Tiki Oasis is also a collector’s and shopper’s paradise, with some 100 vendors selling hand-crafted Tiki art, vintage clothing, records, collectibles and more. The marketplace is free and open to the public for most event hours Friday through Sunday at the Crowne Plaza. The vintage car show, also free, is held Saturday and Sunday in the hotel parking lot.

Here’s a day-by-day preview of all the headlining entertainment:

Continue reading “The Week in Tiki (July 27-Aug. 9, 2015): Tiki Oasis blasts off, plus Summer event recaps, more rum and cocktail news”

Minimalist Tiki

Lost cocktails of The Mai-Kai: Classic Daiquiri lost favor when Cuba fell, but influence endures

Lost Cocktails of The Mai-Kai: Classic Daiquiri lost favor when Cuba fell, but influence endures

Updated August 2023
See below: Cuban Daiquiri review | NEW: Official Mai-Kai recipe
Related: The Derby Daiquiri: The Mai-Kai’s ‘$100,000 drink’ is worth its weight in gold UPDATED
* The story of the Floridita Daiquiri rivals any novel
More Mai-Kai Daiquiris: Special Reserve Daiquiri | Banana Daiquiri | Strawberry Daiquiri
* Mai-Kai cocktail guide | More “lost cocktails”
* More Daiquiri recipes | Cocktail Recipes, A through Z

The humble Daiquiri is arguably the most definitive rum cocktail, perhaps even the prototype for the 20th century tropical drink explosion. It influenced Don the Beachcomber, Trader Vic, and countless others who followed in their footsteps.

Cuba’s most famous cocktail can be traced back to the late 1800s, but the simple combination of rum, lime and sugar was not groundbreaking. Martinique and Guadeloupe had the Ti Punch while Jamaica had its Planters Punch. An argument can be made that this intoxicating combination was invented on the high seas in the 1700s, when the British Navy introduced Grog to its sailors.

A vintage image from a Don the Beachcomber menu.
A vintage image from a Don the Beachcomber menu.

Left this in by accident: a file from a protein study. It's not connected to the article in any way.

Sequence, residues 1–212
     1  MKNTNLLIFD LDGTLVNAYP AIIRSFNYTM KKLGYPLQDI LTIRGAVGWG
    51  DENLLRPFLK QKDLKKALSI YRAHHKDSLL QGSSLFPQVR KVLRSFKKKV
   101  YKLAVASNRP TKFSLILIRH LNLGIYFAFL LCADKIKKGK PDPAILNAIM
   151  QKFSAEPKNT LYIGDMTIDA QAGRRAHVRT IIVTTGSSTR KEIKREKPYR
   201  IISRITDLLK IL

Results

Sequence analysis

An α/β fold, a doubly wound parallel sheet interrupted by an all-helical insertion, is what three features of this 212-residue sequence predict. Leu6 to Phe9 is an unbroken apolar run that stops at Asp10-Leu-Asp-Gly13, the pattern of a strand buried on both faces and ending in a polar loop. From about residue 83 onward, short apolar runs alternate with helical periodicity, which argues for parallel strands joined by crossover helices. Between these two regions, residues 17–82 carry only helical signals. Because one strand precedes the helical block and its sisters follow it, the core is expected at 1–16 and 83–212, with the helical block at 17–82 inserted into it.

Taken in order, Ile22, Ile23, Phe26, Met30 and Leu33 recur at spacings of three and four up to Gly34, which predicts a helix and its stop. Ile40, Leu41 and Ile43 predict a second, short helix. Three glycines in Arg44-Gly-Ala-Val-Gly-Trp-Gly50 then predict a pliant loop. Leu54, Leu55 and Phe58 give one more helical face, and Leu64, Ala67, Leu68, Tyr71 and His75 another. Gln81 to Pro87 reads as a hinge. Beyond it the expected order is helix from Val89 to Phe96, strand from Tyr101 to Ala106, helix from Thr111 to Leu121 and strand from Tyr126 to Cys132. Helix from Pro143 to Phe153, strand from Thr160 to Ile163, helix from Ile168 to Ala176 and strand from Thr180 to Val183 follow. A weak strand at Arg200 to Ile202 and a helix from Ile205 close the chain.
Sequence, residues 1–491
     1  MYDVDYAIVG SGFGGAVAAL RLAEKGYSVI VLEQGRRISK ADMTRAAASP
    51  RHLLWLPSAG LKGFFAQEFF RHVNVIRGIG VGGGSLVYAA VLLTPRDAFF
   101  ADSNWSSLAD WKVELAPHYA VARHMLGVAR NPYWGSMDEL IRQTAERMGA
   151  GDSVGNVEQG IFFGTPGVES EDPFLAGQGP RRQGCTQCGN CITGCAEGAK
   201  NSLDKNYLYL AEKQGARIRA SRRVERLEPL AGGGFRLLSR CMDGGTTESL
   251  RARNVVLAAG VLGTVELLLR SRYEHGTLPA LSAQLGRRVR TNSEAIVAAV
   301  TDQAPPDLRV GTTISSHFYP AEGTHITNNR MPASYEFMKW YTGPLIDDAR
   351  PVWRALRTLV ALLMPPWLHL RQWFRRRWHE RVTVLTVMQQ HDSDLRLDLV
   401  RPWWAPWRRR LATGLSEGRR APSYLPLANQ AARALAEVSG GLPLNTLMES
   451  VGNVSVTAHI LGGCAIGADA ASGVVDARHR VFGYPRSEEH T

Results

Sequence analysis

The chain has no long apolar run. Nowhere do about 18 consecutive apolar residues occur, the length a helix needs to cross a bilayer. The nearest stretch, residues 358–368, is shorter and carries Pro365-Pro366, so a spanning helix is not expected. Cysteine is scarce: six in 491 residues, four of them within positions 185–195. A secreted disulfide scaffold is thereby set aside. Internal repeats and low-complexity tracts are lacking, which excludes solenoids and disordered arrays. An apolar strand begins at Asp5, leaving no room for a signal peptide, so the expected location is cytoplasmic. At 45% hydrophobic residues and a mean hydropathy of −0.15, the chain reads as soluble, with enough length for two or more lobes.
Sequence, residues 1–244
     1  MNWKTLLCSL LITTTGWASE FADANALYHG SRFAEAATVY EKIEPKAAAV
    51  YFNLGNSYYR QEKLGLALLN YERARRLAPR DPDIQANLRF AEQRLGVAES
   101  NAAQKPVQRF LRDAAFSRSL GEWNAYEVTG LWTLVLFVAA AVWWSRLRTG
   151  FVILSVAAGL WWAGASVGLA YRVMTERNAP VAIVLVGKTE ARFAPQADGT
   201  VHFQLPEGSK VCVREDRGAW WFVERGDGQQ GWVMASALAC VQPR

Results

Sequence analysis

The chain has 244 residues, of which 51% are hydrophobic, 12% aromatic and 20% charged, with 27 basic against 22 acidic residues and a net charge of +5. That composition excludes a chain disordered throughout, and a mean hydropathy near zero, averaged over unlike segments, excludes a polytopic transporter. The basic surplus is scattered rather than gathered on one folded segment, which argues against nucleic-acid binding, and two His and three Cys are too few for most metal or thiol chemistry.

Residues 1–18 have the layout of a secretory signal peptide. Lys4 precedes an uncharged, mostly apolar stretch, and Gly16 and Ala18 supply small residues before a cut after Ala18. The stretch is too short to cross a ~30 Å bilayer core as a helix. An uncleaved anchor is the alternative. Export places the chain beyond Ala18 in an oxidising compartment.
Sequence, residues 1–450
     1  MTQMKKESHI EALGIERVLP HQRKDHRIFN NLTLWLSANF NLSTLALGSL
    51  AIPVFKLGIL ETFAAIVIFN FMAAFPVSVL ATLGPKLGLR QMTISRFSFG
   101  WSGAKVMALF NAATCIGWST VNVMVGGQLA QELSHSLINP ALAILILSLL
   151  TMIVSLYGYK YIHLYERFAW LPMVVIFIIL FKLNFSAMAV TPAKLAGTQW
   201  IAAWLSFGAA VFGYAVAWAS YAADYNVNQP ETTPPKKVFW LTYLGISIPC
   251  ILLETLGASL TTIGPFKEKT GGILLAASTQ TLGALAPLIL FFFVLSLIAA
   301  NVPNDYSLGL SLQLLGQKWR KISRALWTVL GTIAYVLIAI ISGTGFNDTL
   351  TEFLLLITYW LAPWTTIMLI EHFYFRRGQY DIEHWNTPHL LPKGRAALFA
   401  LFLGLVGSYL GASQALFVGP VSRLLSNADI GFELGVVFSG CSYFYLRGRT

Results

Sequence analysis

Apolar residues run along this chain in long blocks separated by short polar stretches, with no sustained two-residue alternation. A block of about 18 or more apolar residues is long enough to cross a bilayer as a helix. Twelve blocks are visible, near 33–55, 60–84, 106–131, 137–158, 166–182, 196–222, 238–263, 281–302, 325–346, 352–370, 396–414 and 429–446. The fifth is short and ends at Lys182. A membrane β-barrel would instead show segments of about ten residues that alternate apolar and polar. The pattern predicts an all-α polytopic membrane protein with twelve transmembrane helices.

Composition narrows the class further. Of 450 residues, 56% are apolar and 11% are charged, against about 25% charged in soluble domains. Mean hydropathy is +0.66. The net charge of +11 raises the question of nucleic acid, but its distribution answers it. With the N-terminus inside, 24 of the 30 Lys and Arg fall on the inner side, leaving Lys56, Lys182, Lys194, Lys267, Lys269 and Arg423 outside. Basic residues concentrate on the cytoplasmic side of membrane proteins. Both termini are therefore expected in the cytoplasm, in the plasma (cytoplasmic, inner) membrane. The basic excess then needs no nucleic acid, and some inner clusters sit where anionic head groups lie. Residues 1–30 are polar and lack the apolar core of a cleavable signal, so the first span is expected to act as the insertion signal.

In this pantheon, the Daiquiri is distinctive for its precise craft and the clean, crisp rum of its homeland. In Potions of the Caribbean: 500 Years of Tropical Drinks and the People Behind Them (2014), Jeff “Beachbum” Berry praised the Daiquiri as the most perfectly balanced of all the rum-lime-sugar proto-cocktails.

Though deeply linked to Cuba, the Daiquiri was actually invented by an American engineer, Jennings Cox, who ran a mining company in the small village of Daiquiri during the Spanish-American War. The original was more like a punch, batched and served over crushed ice. It was not reconfigured into a single cocktail, strained into an empty coupe, until around 1913, after Cox’s death

That’s when the Daiquiri really began to take off. Its popularity grew from a local favorite to a destination drink for tourists who flocked to the Caribbean island’s legendary bars such as Havana’s La Floridita, especially during Prohibition. It also caught the attention of Facundo Bacardi, who used the simple drink to promote his expanding rum empire.

A vintage Bacardi ad from Cuba. Havana's La Floridita and owner/bartender Constantino Ribalaigua Vert became known worldwide for perfecting the craft of the Daiquiri.
A vintage Bacardi ad from Cuba. Havana’s La Floridita and owner/bartender Constantino Ribalaigua Vert became known worldwide for perfecting the craft of the Daiquiri.

It’s likely that both Donn Beach (aka Don the Beachcomber) and Victor Bergeron (aka Trader Vic) ran across the Daiquiri during their travels in the Caribbean before opening their bars in California that kick-started the Tiki cocktail craze in the 1930s.